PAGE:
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terça-feira, 5 de abril de 2016

National Museum of Women in the Arts - Washington, D.C.

The idea for the National Museum of Women in the Arts grew from a simple, obvious, but rarely asked question: Where are all the women artists?


NMWA’s founders, Wilhelmina Cole Holladay and Wallace F. Holladay, began collecting art in the 1960s, just as scholars and art historians were beginning to discuss the underrepresentation of women and various racial and ethnic groups in museum collections and major art exhibitions. Among the first to apply this revisionist approach to collecting, the Holladays committed themselves for over 20 years to assembling art by women. By 1980, Wilhelmina Cole Holladay began to devote her energies and resources to creating a museum that would showcase women artists, and the Holladay Collection became the core of the institution’s permanent collection.


The National Museum of Women in the Arts was incorporated in November 1981 as a private, non-profit museum. During its first five years, NMWA operated from temporary offices with docent-led tours of the collection at the Holladay residence. Special exhibitions also were presented. In 1983, the museum purchased a 78,810-square-foot Washington landmark near the White House, formerly a Masonic Temple, and refurbished it in accordance with the highest design, museum, and security standards. It won numerous architectural awards.

In the spring of 1987, NMWA opened the doors of its permanent location with the inaugural exhibition, American Women Artists, 1830-1930, a definitive survey curated by one of the country’s foremost feminist art historians, Dr. Eleanor Tufts.

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NMWA Presents “She Who Tells a Story: Women Photographers from Iran and the Arab World”

Landmark exhibition features 12 pioneering artists and challenges stereotypes

WASHINGTON—A landmark exhibition of photographs by 12 contemporary women artists from Iran and the Arab world will be on view at the National Museum of Women in the Arts (NMWA) from April 8–July 31, 2016. She Who Tells a Story: Women Photographers from Iran and the Arab World challenges stereotypes surrounding the people, landscapes, and cultures of the region, and provides insight into political and social issues. The exhibition presents more than 80 photographs and a video installation. These provocative works—most created within the last decade—range in genre from portraiture, to documentary, to staged narratives.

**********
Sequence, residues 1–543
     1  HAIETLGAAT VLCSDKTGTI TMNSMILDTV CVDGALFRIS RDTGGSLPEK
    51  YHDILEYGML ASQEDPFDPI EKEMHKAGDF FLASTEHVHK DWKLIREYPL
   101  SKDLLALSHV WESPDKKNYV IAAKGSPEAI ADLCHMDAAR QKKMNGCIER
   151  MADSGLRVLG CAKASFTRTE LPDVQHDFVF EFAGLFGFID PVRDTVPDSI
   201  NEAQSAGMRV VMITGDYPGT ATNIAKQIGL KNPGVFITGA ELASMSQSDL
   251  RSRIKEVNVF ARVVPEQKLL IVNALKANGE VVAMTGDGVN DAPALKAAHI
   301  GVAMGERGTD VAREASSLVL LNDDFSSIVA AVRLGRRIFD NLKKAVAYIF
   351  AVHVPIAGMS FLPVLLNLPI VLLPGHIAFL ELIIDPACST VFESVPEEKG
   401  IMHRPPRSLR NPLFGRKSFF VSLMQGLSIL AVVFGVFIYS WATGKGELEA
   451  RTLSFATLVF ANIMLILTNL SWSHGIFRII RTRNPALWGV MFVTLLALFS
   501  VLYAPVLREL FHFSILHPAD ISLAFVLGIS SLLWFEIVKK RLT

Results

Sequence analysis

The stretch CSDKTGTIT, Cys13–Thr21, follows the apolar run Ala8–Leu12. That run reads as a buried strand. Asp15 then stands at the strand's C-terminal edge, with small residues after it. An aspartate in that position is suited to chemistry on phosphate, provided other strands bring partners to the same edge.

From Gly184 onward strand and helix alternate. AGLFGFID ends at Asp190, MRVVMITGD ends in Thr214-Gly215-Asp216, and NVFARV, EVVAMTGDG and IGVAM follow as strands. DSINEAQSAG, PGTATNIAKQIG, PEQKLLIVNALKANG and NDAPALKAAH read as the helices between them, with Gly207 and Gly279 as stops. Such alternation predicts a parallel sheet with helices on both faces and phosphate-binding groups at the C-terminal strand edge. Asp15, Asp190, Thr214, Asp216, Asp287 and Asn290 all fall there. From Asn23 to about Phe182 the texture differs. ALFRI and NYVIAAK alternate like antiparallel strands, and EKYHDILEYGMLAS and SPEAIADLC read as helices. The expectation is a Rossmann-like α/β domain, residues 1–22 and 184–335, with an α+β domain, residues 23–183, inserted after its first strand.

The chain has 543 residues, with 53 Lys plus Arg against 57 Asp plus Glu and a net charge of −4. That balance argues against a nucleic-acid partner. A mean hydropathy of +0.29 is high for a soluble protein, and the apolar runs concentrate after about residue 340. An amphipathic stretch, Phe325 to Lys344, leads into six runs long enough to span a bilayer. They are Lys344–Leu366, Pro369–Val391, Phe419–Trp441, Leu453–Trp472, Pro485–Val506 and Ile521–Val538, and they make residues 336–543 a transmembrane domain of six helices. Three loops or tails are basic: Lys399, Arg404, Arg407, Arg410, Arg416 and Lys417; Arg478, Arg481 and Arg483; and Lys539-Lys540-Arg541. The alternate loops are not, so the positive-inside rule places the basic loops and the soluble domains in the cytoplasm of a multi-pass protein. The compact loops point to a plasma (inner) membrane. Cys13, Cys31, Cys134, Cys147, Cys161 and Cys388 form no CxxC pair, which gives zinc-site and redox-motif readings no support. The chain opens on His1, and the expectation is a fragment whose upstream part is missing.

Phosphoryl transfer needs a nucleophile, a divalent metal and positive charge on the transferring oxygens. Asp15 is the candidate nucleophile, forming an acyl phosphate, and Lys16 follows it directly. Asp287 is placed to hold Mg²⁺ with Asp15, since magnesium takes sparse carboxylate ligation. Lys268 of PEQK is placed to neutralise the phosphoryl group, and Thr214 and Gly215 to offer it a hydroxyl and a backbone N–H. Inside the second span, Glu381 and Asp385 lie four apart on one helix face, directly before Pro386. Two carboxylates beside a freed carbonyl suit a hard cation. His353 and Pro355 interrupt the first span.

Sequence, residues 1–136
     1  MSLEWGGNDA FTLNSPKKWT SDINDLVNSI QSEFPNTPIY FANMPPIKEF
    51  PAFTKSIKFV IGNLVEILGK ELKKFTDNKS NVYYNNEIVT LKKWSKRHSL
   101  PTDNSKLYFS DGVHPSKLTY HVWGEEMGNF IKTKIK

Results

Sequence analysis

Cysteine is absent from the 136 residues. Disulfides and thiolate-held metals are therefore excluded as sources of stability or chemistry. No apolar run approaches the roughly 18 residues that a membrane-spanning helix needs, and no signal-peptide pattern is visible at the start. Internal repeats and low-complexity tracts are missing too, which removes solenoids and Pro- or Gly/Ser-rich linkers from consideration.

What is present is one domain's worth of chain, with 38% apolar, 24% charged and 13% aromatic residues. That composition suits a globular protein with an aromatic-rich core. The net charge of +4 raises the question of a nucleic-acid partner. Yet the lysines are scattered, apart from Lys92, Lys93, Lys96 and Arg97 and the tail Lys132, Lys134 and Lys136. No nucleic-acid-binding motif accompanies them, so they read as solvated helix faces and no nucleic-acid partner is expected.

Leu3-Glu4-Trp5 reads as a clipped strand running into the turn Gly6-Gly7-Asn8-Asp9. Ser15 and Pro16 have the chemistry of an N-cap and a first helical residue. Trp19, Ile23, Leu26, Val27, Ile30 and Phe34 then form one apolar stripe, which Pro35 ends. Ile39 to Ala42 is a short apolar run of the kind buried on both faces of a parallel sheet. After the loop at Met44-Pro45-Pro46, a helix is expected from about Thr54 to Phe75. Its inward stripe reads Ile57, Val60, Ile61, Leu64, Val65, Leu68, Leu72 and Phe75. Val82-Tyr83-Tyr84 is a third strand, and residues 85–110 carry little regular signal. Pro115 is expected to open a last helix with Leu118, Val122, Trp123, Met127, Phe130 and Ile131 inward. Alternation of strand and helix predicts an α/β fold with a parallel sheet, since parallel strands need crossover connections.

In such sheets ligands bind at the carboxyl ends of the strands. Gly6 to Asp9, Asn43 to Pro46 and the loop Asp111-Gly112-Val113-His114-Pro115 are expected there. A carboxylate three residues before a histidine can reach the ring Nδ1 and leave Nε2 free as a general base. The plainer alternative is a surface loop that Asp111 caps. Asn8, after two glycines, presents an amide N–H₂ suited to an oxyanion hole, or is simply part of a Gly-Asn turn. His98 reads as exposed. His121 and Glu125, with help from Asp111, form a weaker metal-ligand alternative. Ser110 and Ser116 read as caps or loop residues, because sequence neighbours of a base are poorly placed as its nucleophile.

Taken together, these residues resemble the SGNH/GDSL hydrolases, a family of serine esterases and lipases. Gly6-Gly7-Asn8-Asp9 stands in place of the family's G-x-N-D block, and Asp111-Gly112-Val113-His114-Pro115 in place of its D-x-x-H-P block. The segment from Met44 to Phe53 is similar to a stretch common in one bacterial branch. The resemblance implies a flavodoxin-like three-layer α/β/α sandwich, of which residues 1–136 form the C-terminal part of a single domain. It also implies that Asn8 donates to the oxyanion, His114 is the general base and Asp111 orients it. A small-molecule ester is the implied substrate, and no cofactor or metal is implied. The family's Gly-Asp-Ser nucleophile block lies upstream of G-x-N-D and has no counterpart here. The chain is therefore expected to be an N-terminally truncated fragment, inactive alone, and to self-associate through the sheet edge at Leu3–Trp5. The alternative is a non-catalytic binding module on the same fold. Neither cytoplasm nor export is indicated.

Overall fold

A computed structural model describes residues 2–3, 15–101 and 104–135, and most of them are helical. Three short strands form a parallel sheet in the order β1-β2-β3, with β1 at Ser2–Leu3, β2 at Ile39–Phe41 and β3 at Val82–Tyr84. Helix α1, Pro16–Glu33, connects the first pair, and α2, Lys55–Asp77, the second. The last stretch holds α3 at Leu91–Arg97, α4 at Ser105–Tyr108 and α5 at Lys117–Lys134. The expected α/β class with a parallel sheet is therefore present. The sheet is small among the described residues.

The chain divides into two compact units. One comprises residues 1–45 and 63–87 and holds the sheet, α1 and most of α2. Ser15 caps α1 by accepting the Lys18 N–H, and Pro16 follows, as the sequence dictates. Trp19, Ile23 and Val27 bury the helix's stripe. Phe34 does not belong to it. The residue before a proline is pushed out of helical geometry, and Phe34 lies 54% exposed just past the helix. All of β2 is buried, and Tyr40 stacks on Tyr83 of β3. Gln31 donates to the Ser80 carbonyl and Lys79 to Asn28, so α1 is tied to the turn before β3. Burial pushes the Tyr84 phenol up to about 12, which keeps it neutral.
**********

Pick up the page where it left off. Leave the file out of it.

She Who Tells a Story explores themes of identity, war, occupation, and protest. It refutes the conventional idea that Arab and Iranian women are oppressed or powerless, illuminating the fact that women are creating some of the most significant photographic work in the region today. The exhibition features artists Jananne Al-Ani, Boushra Almutawakel, Gohar Dashti, Rana El Nemr, Lalla Essaydi, Shadi Ghadirian, Tanya Habjouqa, Rula Halawani, Nermine Hammam, Rania Matar, Shirin Neshat, and Newsha Tavakolian.

“These groundbreaking artists challenge us to rethink our preconceived notions about Arab and Iranian women and their art,” said NMWA Director Susan Fisher Sterling. “They invite us to stand in their shoes and see the extraordinarily striking complexities they face. The exhibition highlights their triumphs and struggles, which we hope will stimulate and enhance cultural dialogue on a personal as well as national level.” 

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Fonte: @edisonmariotti #edisonmariotti

Cultura e conhecimento são ingredientes essenciais para a sociedade.

A cultura é o único antídoto que existe contra a ausência de amor.

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